|1 May||1 May to 30 June||1 November||1 November to 31 December|
|1 June||1 June to 31 July||1 December||1 December to 30 January|
Approved Finishing Units (AFU) and Approved Finishing Units (Enhanced) with grazing (AFUE) are high biosecurity units and provide an outlet for rearing/finishing of clear tested cattle from TB-restricted holdings without such facilities. AFUs and AFUEs are approved TB units and are not affected by this change to surveillance testing. Cattle in AFUs with grazing and AFUEs are TB tested every 90 days, so they are unaffected by this change. For AFUs without grazing, the default position is that no routine surveillance testing is required in these units. However, APHA retain the option to test in exceptional circumstances, for example if there is extensive evidence of TB found at slaughter. Further information about AFUs is available on the TB Hub and GOV.UK.
Pre-movement testing Exempt Finishing Units (EFUs) are APHA-approved TB units which provide a route for beef finishing enterprises to purchase animals intended for slaughter, without the need to pre-movement test them. EFUs are subject to surveillance testing at the normal frequency for the area in which they are located, therefore EFUs in the HRA are affected by the change and will move onto six-monthly surveillance testing. Find out more about EFUs on GOV.UK.
Contiguous herd testing is carried out to detect spread of infection from a TB breakdown with lesion and/or culture positive animals to other cattle herds. It is not usually required in herds on six-monthly testing due to the high frequency of surveillance testing. However, APHA may require contiguous testing in these herds in exceptional circumstances.
Lower bTB risk cattle herds that qualify for annual surveillance testing continue to be subject to contiguous testing if a neighbour’s herd suffers a TB breakdown with lesion and/or culture positive animals. Provided the contiguous test is completed with negative results the herd continues on annual surveillance testing. Cattle holdings identified by APHA for contiguous testing need to have a TB test of all cattle aged 42 days and older. You will be notified by APHA if your herd requires a contiguous test and the test notification letter will tell you the date that the test is due. If your herd has recently completed a whole herd test with negative results, or is due to have a herd test soon, the contiguous test won’t be required.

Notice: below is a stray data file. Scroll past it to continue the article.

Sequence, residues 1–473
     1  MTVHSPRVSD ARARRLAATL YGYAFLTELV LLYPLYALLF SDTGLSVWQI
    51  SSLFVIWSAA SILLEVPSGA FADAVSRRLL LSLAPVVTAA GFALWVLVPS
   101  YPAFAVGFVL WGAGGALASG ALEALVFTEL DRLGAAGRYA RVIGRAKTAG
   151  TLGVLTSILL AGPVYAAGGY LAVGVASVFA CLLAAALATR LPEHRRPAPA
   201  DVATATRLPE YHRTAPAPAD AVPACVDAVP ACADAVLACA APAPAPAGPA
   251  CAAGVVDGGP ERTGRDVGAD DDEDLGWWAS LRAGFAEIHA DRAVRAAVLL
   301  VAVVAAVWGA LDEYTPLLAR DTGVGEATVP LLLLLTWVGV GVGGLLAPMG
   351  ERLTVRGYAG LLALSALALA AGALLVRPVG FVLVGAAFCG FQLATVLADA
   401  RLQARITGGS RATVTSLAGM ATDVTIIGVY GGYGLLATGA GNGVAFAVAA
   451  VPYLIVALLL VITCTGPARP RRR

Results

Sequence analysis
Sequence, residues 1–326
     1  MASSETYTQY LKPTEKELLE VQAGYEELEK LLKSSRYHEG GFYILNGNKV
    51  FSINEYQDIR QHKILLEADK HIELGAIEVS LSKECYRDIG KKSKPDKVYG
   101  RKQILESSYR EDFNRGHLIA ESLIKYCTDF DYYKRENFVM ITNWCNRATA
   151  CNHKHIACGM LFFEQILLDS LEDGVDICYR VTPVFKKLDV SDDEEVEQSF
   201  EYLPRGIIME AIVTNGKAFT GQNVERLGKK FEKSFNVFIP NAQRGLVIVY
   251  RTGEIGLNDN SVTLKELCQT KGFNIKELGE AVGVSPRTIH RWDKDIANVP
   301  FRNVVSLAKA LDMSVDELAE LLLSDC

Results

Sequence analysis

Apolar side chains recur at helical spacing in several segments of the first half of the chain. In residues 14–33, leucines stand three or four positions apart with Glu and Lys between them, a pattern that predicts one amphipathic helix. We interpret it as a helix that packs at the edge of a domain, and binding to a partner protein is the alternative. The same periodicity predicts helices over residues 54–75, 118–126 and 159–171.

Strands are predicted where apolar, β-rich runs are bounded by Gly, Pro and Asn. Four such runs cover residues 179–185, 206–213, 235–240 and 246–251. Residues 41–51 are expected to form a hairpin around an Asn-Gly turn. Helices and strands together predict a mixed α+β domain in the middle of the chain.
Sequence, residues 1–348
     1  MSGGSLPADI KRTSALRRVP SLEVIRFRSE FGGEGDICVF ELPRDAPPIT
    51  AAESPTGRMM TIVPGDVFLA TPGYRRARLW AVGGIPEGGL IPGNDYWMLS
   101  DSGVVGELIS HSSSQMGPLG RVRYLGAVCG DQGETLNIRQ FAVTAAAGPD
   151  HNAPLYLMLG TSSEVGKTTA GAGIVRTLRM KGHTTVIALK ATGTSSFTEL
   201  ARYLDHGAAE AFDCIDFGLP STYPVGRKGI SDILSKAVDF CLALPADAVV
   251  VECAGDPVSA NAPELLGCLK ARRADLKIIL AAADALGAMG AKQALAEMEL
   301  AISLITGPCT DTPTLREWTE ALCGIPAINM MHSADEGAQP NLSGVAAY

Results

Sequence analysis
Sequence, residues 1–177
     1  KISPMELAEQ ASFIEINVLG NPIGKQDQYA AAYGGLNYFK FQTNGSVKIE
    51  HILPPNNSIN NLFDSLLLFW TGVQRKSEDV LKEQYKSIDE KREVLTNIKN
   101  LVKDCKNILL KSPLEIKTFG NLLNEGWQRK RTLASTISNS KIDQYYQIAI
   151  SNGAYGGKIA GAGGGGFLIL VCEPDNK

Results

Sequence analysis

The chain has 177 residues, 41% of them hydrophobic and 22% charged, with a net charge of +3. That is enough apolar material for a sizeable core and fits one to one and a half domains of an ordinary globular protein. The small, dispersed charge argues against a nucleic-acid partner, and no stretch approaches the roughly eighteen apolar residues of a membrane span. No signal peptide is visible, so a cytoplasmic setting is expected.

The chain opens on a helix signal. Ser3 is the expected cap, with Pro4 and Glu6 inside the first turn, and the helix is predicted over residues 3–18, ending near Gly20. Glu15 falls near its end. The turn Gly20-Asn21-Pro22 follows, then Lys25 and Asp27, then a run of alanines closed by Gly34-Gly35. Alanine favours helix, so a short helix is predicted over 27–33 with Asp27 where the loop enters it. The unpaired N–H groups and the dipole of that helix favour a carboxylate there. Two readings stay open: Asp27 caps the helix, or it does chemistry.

Spread tracing involves identifying and testing cattle moved from a TB breakdown holding that has had lesion and/or culture positive animals within a defined period (the ‘tracing window’). Any cattle that moved off before the application of TB restrictions are traced and, if still alive, TB tested to minimise the risk of disease spread to other herds. In England, cattle identified as spread tracer animals are tested using severe interpretation to reduce the risk of missing infected animals. APHA still trace test animals moved from breakdown herds with lesion and/or culture positive animals to herds on six-monthly surveillance testing. However, wherever possible, trace tests are synchronised with a six-monthly whole herd test, negating the need to test the traced animals separately. Alternatively if there is a long period of time until the next six-monthly herd test, APHA will arrange a stand-alone test for the traced animal(s) as normal.
Earned recognition: qualifying for annual surveillance testing
Cattle herds in six-monthly testing areas are eligible for annual surveillance testing if they meet either of the following criteria:
- the herd has been in existence for at least six years and has not had a TB breakdown in that six year period. A single break from keeping cattle of less than four months during the six year period is permitted
- the herd is registered to a bovine TB health scheme licensed by the Cattle Health Certification Standards (CHECS) and accredited at level 1 or above. Please note that CHECS TB entry level membership does not confer eligibility for annual surveillance testing.
Research by APHA published in 2015 on the risk of a herd becoming infected with bovine TB showed that, after a TB breakdown, the longer a herd went without a further breakdown, the likelihood of the herd being infected with bovine TB dropped. The bovine TB health schemes licensed by CHECS use the number of years officially TB free (OTF) as a basis for their scoring system, and also require enhanced biosecurity standards to be met. The eligibility criteria for annual surveillance testing takes into account both the number of years OTF and CHECS accreditation for bovine TB to identify herds at lower risk of suffering a TB breakdown.
Where a cattle keeper has not held any cattle for multiple and/or prolonged periods of time through the six-year qualifying period (i.e. at times there were no animals at risk of contracting bovine TB) the herd’s risk of suffering a TB breakdown will be artificially lowered. To allow flexibility to reflect alterations to business models and unexpected events, a single break of less than four months at any time in the six year qualifying period will be permitted. Additionally, breaks up to one month are permitted when assessing eligibility for all-in all-out systems.